LGBTQ

TikTok star Rob Anderson on gay science videos and his epic sub anthem: ‘I’m like the new RuPaul!’

Rob Anderson. (YouTube/Rob Anderson)

Rob Anderson blew up on TikTok with his Gay Science series – now, he’s ready to dominate. So to speak.

You might have come across Rob on TikTok, where he’s racked up more than two million followers with his “Gay Science” videos, his Oscars coverage, and – more recently – his comedy pop songs.

As he prepares to hit the road, PinkNews caught up with Rob to talk sexual submission, blowing up on TikTok, and why queer people need comedy to get through hard times.

You got your start in comedy – what was your entry route into that world? 

My favourite movies were always the parodies – I loved Scary Movie, Not Another Teen Movie, any parody that took something in pop culture and flipped it on its head. As I got older I wanted to get into finding my people who also enjoy that sort of thing so I moved to Chicago and I did improv. That was my entry into comedy and I was fairly successful at it. I was a working actor, I was an improv comedian, but I didn’t really feel my magic doing that so I just took a little break and went to New York. It was during that time where I wasn’t really focused on being a comedian that it actually worked out for me.

Rob Anderson wearing a floral patterned suit.
Rob Anderson wearing a floral patterned suit. (Supplied)

Since then you’ve blown up on TikTok. How did that come about and what’s the experience been like? 

I was making TikTok videos for a company I was working for – a food review website – and I really liked it, I was really good at it, and a lot of the videos were going viral because of their humour. I thought I’d give it a stab myself. I really enjoy the creativity that comes with TikTok. It was the one platform that actually got me to create things. I mean we’ve had YouTube and Instagram, so many ways I could have entered the internet as a comedian, but it really took TikTok to tap into my creativity.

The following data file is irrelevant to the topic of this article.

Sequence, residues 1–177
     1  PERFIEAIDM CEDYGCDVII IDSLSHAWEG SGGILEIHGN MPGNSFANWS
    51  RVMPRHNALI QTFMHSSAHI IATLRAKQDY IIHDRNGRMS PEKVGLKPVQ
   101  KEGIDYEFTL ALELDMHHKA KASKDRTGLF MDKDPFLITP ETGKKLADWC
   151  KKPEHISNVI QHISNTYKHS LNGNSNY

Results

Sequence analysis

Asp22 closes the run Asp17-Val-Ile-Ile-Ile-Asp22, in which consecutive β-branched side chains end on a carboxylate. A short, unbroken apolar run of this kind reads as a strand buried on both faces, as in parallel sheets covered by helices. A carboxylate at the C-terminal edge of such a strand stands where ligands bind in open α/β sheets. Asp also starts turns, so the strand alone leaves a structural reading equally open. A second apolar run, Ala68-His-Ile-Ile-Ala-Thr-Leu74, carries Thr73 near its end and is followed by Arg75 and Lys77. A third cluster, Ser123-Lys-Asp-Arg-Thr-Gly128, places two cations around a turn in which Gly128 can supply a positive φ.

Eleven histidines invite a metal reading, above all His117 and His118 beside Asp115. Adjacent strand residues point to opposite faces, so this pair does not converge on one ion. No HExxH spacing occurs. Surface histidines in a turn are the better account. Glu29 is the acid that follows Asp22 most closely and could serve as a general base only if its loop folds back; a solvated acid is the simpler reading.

It’s nice to have people that get me and get what I’m doing. Some of my content isn’t always comedic – that’s what I really enjoy about TikTok. I can tell a story about ladies in the 1900s who murdered people for survival or female serial killers. I can really just do whatever I want on there.

The Gay Science series in particular has had a huge response – where did that idea come from?

I couldn’t find a reason why gay men liked iced coffee but it seemed like the choice was ubiquitous – that gay men prefer iced coffee over hot coffee. I am definitely one, and there wasn’t any actual reason for it, so I decided to make my own. I wanted to explain it in a way that was silly but matter-of-fact, almost like, ‘this is the reality of the situation,’ but clearly it’s not. People loved that so much that they kept sending me requests for more Gay Science topics, so I just took those things that already exist and explained them all with fake science.

LGBTQ+ people are going through a tough time right now, from legislative attacks to rising hate crime. What’s the power of comedy in that context?